[Written for a gentleman in Liverpool, and sung at the Annual Re-union of Scotchmen held on St. Andrew's day in Liverpool. On this day the Liverpool Scotchmen walked in procession through some of the principal streets, before sitting down to a banquet : they were often accompanied by a number of Scotch ladies, and every person in the procession had part of their dress, if not a plaid, of tartan. This poem was written in November, 1818.]
The Village of Chryston - North Lanarkshire - Scotland
Walter Watson
The Chryston Poet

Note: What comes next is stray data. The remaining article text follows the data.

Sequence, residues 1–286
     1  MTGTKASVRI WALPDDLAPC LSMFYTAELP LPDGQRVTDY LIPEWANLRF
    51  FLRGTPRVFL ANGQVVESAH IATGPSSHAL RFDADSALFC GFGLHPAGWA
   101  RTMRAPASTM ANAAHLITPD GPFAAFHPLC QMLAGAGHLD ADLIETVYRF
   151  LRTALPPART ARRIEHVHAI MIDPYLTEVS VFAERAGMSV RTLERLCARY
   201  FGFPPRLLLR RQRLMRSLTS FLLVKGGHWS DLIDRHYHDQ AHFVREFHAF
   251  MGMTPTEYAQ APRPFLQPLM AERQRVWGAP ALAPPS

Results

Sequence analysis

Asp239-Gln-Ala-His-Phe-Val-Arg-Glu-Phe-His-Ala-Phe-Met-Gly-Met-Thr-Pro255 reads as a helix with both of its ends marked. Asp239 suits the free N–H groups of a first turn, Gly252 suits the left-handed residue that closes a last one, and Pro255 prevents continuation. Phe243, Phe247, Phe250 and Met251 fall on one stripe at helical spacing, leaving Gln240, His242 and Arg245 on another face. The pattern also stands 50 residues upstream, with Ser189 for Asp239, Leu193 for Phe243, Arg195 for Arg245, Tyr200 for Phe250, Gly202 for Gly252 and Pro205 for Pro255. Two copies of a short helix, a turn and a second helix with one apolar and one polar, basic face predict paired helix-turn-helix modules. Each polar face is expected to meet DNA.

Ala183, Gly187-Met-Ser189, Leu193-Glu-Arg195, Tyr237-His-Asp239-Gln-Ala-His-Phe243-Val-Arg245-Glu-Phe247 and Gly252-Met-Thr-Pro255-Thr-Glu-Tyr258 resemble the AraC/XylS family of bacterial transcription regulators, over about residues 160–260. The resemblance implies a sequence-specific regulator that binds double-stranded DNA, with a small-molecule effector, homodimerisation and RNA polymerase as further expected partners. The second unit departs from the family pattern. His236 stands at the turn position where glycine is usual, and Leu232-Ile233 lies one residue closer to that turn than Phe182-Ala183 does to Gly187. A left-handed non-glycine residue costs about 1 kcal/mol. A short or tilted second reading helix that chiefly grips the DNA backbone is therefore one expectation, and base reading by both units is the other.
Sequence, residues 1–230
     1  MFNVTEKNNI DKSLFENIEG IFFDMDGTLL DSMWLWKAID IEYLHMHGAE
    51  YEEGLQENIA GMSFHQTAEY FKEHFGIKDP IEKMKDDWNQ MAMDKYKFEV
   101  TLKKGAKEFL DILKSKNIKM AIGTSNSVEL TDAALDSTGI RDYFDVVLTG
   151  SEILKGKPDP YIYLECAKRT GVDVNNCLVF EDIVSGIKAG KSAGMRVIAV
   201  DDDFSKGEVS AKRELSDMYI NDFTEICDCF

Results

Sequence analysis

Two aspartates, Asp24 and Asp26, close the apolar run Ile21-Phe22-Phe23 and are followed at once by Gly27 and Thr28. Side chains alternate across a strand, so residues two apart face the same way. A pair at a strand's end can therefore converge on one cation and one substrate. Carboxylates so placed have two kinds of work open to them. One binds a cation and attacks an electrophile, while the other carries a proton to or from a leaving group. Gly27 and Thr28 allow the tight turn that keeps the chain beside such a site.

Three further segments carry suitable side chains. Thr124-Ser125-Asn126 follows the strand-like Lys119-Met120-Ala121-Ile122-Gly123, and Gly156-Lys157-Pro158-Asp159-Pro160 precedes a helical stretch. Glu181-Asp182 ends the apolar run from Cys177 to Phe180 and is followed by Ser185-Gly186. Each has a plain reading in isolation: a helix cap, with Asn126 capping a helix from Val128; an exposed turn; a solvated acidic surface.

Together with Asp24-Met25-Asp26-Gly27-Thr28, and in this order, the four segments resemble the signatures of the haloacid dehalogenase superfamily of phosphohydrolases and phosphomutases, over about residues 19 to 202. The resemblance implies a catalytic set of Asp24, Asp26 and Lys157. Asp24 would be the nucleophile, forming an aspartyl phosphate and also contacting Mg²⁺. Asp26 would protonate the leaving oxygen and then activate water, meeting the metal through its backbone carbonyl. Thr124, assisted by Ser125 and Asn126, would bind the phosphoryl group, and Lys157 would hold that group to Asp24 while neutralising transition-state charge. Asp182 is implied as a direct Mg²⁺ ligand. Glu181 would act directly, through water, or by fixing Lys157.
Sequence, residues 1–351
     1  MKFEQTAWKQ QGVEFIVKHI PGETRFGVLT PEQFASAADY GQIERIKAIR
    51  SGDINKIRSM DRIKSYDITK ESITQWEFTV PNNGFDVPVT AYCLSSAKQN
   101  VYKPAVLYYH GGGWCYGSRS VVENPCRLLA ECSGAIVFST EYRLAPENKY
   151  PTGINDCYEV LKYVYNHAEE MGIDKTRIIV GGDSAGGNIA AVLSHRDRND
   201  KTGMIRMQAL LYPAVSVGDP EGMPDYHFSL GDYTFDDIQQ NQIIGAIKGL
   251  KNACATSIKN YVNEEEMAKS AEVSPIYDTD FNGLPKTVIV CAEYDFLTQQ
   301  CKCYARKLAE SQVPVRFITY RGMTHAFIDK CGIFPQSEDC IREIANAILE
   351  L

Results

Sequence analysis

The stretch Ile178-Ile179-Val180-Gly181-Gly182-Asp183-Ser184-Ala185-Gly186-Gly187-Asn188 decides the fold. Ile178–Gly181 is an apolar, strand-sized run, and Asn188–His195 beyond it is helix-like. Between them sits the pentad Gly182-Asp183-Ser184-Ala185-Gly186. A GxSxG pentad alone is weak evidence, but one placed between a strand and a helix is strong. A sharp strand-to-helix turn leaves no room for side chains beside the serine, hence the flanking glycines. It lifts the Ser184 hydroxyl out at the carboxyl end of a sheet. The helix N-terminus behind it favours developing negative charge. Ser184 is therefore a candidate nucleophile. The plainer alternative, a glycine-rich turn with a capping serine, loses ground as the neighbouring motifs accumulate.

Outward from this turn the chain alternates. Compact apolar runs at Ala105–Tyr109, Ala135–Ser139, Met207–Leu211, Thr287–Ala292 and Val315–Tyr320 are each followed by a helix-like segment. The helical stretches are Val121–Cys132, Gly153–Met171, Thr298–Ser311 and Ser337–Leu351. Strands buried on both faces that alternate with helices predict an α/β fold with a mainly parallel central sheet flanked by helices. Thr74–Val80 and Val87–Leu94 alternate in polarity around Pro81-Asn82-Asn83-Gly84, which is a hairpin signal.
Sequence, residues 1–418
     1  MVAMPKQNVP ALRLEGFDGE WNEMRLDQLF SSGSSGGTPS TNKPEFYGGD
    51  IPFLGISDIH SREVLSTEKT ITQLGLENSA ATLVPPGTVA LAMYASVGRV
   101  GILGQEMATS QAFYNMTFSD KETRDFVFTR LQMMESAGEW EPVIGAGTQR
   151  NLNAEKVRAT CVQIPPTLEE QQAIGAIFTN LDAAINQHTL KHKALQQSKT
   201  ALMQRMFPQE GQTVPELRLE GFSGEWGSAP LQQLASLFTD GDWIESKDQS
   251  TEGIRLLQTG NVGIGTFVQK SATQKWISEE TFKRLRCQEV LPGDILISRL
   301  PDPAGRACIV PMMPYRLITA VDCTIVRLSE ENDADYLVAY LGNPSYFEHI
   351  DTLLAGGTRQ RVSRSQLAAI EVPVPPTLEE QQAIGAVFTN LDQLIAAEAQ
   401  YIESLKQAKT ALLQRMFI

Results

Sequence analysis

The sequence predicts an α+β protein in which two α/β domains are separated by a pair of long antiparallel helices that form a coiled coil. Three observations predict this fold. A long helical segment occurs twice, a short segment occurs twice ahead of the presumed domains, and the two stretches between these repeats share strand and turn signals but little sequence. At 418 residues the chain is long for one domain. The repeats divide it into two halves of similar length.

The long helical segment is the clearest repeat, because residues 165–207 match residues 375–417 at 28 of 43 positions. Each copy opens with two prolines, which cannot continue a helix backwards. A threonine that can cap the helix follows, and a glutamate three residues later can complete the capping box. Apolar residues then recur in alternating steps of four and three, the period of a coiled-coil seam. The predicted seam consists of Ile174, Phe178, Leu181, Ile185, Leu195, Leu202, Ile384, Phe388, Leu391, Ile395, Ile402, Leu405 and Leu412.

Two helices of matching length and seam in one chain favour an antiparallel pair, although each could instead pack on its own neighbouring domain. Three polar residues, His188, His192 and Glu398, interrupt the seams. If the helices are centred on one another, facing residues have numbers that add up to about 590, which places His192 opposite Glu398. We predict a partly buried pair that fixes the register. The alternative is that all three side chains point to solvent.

The year's gaun dwindlin' fast awa', The norlan' breezes sharply blaw, An' mountains taps are o'er wi' snaw, Whaur heather bloom'd sae bonnie, O. The flowers frae ilka field are fled, The woods ha'e lost their fragrant shade, Now we'll fling on the tartan plaid, The hap o' Caledonia. Our bloomin' maids, sae fair, sae gay, Wha walk the streets in rich array, Their chequer'd native garb display. As neat, as braw as ony, O. The herdsman lad that climbs the hill Whaur growlin' Winter gets his will, Wi' tartan plaid an' Highlan' gill, Sings loud in Caledonia. Tho' Fortune's placed us here awhile, Whaur bustlin' Commerce wear's a smile, Back tae auld Scotia's frien'ly isle, Our thochts are kin' an' mony, O. We're met as brethren in good cheer, This festive day, tae honour here A day that ever shall be dear Tae sons o' Caledonia. Let cracks gae roun', an' sangs be sung, In our auld kin'ly mither tongue, Till heels o'er head auld Care be flung By ilka social crony, O. Let honour guide our steps alang, Whaure'er we ha'e a fit tae gang, Now wi' this toast I'll en' my sang- "Our frien's in Caledonia."